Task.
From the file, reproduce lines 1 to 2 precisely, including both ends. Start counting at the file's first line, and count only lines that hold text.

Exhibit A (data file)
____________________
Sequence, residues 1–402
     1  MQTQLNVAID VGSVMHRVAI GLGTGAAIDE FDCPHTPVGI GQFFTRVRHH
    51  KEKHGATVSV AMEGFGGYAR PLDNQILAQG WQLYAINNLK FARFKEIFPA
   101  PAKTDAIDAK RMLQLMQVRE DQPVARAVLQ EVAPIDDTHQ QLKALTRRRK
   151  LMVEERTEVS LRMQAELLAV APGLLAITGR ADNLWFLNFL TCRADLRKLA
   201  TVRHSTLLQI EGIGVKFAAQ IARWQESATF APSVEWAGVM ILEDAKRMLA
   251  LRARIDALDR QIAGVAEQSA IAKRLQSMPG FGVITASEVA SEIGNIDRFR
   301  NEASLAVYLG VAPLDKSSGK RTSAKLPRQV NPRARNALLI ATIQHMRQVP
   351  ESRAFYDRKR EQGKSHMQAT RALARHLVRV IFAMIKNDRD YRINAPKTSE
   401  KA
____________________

Sequence, residues 1–402
     1  MQTQLNVAID VGSVMHRVAI GLGTGAAIDE FDCPHTPVGI GQFFTRVRHH